COLUMN: GRADUATE MEMBER MUSINGS
Ready for Graduation? What Cards Are in Your Hand?
Published online: 31 May 2018
Association for Educational Communications & Technology 2018
Hello, Ph.D. fellows. Where are you in your program? First
year? Second year? Last year? Have you thought about your
future career? What is your research agenda (interest)? How
far are you from your dream life?
This musing shares the lessons learned by a graduate stu-
dent in her last semester of her Ph.D. program. I hope this will
benefit all Ph.D. students. It is never too early to think about
your future career and get ready for it! Three issues of devel-
oping your research agenda, attending academic conferences,
and making a professional website will be presented.
Develop your Research Agenda
Which Learning Theory Do You Believe?
As graduate assistants, we might work for grant-funded pro-
jects or projects that connect to our professors’ interest, or on
their research agendas. Not every professor will encourage a
graduate student to have a research agenda at the beginning, or
in the middle of the program. However, when we graduate and
are preparing for job hunting, the employer always asks for a
research statement or research agenda.
It is recommended that one’s research agenda should be
rooted or based on one’s dissertation. It can be stressful and
unrealistic to come up with a perfectly established agenda
towards the end of your Ph.D. You might come up with a
temporary agenda that you have an initial interest, but perhaps
not a passion, to submit with your job application. It also is
possible that your dissertation is not the Bmarriage^ you want,
but a topic is available and what data are easy to collect.
Based on my professional development experience, and
reflected on my conversations with scholars, it is never too
early to locate your passion. Even though you might not have
the chance to work on a relevant project, you can still think
about what kind of research you want to pursue in the future.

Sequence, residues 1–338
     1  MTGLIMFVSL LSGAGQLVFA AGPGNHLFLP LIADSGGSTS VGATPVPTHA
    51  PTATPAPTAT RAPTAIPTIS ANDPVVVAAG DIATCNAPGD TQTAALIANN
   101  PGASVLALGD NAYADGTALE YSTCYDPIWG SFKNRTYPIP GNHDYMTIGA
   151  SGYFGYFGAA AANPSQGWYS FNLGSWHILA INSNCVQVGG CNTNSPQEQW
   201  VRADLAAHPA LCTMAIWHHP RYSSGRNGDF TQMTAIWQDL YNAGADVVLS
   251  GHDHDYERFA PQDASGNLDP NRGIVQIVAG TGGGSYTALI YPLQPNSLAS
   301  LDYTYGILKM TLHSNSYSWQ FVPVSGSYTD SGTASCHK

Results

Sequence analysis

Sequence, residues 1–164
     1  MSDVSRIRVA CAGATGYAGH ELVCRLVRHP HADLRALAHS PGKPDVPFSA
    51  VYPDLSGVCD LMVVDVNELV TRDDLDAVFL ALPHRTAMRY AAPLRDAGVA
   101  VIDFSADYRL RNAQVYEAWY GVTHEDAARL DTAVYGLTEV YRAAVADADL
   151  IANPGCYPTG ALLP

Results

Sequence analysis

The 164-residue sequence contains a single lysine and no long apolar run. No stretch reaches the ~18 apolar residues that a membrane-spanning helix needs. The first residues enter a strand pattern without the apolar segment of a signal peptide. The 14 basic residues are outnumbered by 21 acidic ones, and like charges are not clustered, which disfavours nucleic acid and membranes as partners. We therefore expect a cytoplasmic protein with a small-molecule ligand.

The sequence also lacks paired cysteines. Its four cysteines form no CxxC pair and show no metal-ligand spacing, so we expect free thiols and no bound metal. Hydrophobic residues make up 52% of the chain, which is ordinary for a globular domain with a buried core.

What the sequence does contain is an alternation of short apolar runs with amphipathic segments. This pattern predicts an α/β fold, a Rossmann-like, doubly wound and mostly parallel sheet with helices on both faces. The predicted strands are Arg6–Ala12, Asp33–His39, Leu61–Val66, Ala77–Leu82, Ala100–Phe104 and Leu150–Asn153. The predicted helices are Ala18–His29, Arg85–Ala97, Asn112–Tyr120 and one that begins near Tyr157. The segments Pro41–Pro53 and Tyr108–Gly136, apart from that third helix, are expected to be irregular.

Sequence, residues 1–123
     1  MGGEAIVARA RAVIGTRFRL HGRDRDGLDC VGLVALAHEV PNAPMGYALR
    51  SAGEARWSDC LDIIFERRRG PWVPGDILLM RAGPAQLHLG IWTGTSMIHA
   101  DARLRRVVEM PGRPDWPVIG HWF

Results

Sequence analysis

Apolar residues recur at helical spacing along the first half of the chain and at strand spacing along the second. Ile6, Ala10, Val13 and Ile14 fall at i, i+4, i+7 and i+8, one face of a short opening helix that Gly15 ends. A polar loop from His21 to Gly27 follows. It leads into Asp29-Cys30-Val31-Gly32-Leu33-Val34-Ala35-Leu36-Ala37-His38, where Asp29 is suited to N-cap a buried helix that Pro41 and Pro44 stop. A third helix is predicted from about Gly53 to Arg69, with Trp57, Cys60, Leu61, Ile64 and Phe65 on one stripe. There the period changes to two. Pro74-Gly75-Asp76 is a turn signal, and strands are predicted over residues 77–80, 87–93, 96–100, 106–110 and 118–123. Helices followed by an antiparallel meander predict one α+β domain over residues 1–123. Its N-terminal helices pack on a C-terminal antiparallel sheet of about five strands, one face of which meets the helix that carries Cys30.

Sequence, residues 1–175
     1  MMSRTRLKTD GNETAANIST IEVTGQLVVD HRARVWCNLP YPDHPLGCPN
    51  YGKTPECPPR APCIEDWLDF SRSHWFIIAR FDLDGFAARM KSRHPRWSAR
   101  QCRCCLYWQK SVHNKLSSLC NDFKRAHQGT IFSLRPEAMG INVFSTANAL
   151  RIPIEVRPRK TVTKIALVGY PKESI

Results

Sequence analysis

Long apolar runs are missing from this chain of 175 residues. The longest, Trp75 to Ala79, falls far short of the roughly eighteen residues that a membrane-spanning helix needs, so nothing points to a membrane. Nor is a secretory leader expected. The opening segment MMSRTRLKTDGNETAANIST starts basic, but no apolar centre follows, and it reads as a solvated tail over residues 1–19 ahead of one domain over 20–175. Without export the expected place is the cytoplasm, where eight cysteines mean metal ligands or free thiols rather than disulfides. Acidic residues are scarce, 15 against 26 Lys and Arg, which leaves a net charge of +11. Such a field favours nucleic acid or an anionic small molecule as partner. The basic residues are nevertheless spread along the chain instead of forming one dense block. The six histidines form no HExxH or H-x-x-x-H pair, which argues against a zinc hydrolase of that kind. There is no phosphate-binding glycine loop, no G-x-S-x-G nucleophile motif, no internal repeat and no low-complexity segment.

Your research agenda should be rooted in a learning theory
you believe (Reeves et al. 2017). It is possible that you are
interested in different research topics, however, for a research
agenda you should have a focus. One way to help you identify
the core of your research agenda is to outline the research
projects you have been involved in and passionate about to
locate the overlap. This could help you decide on a research
agenda that is close to your heart.
Experience from AECT (GSA)
Why should I Spend Money and Time to Travel for an
I am glad I went to every AECTconference during my time as
a Ph.D. student. I heard about AECT when I stepped into the
field of Educational Technology ten years ago. The definition
of Educational Technology is rooted in this organization. In
2015, I attended my first AECT conference with the encour-
agement and support of my department. I was surprised by so
many fantastic sessions, presentations, and activities as well as
the professional networking opportunities. I met several grad-
uate students from the United States, China, and other coun-
tries! It feels like a homecoming when you meet someone who
shares a similar culture and academic background with you.
The group of graduate students and I made friends and func-
tioned as conference mates. I also created a social media con-
tact group to keep all of us in touch. Social media like
Facebook has been used for professional networking by shar-
ing and connecting online for the benefit of the profession
(Bodell and Hook 2011). I made friends with graduates from
other states and met them once or twice a year throughout my
Ph.D. studies. We talked overnight about our research pro-
jects, future plans, and personal life. By the way, I worked
as a volunteer for the conference, which covered some of the
* Ying Xiu
Oklahoma State University, 205 Willard Hall, Stillwater, OK 74078,
TechTrends (2018) 62:317–318